By JILL SMOKLER
Having a teenager in the house has been detrimental to my self-esteem. Sometimes, I want to treat her exactly the way she treats me, but that would be child abuse.
—Scary Mommy Confession #252463
I’m a horrible mother. My kids watch too much television, they eat too much junk food, and they don’t participate in enough extracurricular activities. They have poor sleeping habits because Jeff and I were too lazy to put them to bed properly when we had our chance, and sometimes they wear shorts in November.
I’m a shitty wife. I’m always cranky and frequently take it out on my husband. I reserve my few moments of pleasantness for my kids, and so all my husband gets is “No,” “Are you kidding me?!” and “Do what I said.” Sex these days is like a drive-in movie: open for your viewing pleasure, but you’re on your own.
I’m so fat. I need a tummy tuck, and my upper arms have a better sense of movement than my feet. I vacillate between three different clothing sizes. And by vacillate, I mean I ONCE hit the smaller of the three in the last nine years.
I can’t even count the number of times that thoughts like this have raced through my head. I’m a mother, a wife and my own person, but it’s rare that I am satisfied with my performance in one area, let alone all three. My failures seem so obvious—I assume everyone must think the same of me. Strangely, though, every time I’ve ever voiced these feelings, I’ve been told the same thing: I’m too hard on myself. I’m my own worst critic.
This, my friends, is one of the most pervasive and pernicious lies of motherhood. I’ve said it, you’ve said it, and it’s just plain bullshit.
There is nobody harder on a mum than her fellow mother. It starts bright and early with pregnancy. As if the symptoms you’re suffering weren’t bad enough, when you are expecting, everyone’s mission becomes to knock you down. Not literally, of course, because that would be attempted manslaughter, but knock you down nonetheless, they will try. They will insult your appearance, question your choice of lunch meat, and casually note just how much weight you have gained.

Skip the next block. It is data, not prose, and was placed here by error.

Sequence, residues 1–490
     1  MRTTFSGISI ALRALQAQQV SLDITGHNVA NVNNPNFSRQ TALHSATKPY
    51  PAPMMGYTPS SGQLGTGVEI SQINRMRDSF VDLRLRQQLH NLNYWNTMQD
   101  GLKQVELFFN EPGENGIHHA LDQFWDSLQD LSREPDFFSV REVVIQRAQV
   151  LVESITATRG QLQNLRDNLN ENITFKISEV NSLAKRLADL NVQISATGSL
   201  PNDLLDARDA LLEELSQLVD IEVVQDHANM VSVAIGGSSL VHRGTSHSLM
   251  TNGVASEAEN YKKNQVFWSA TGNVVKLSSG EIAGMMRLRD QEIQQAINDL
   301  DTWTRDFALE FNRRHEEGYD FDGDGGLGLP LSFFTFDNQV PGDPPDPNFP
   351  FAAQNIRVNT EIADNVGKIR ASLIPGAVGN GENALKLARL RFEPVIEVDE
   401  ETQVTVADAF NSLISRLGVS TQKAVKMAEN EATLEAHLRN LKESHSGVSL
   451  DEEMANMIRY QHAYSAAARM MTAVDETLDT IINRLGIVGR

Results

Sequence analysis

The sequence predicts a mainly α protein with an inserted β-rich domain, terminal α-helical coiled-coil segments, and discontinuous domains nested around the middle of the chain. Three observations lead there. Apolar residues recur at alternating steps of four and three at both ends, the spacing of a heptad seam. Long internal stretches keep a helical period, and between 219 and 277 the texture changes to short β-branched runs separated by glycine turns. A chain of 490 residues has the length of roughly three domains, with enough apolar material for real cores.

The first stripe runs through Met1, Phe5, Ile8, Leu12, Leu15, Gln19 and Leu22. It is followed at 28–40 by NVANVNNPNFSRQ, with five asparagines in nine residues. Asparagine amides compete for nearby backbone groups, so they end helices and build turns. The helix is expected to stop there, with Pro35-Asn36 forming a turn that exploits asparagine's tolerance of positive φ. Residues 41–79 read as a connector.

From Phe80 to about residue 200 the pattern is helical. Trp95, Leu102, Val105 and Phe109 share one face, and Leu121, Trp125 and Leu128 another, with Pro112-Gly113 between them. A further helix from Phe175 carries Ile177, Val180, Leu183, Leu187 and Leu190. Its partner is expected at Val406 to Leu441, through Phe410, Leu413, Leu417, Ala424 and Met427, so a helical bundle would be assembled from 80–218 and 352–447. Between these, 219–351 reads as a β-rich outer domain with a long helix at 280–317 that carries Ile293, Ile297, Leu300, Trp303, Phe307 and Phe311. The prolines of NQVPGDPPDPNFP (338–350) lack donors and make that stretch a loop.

Once the baby comes, it’s like you’ve signed on a dotted line agreeing to put every decision you make into the public domain for open critique. Your baby’s name, your decision to breastfeed or not to breastfeed, the sleep habits you’re enforcing . . . everything is simply an opportunity for people to stick their noses in your business and judge away like it’s a spectator sport.
And that’s just what we say to each other’s faces. The behind-the-back talk is even harsher. But because we’re mothers, we find a way to mask our judgment in feigned concern and helpfulness.
We once lived in a neighborhood where, on the first night under our new roof, the queen bee of the subdivision gave us an illustrated list (I kid you not) of our surrounding neighbors. Each house had a little notation next to their name: #2703 hosts the Easter egg hunts and fights loudly; #2708 are going through a divorce, but it’s amicable; #2714 babysits, has a Fourth of July bash, but passed lice around to the whole Girl Scout troop. As she walked in with her tray of brownies and neon nails, I wondered what notes she was taking at my place. #2601: Appears not to have showered in three days, bottle-feeds her infant, and lets the older one watch too much TV—SHITTY MOTHER, her note likely screamed.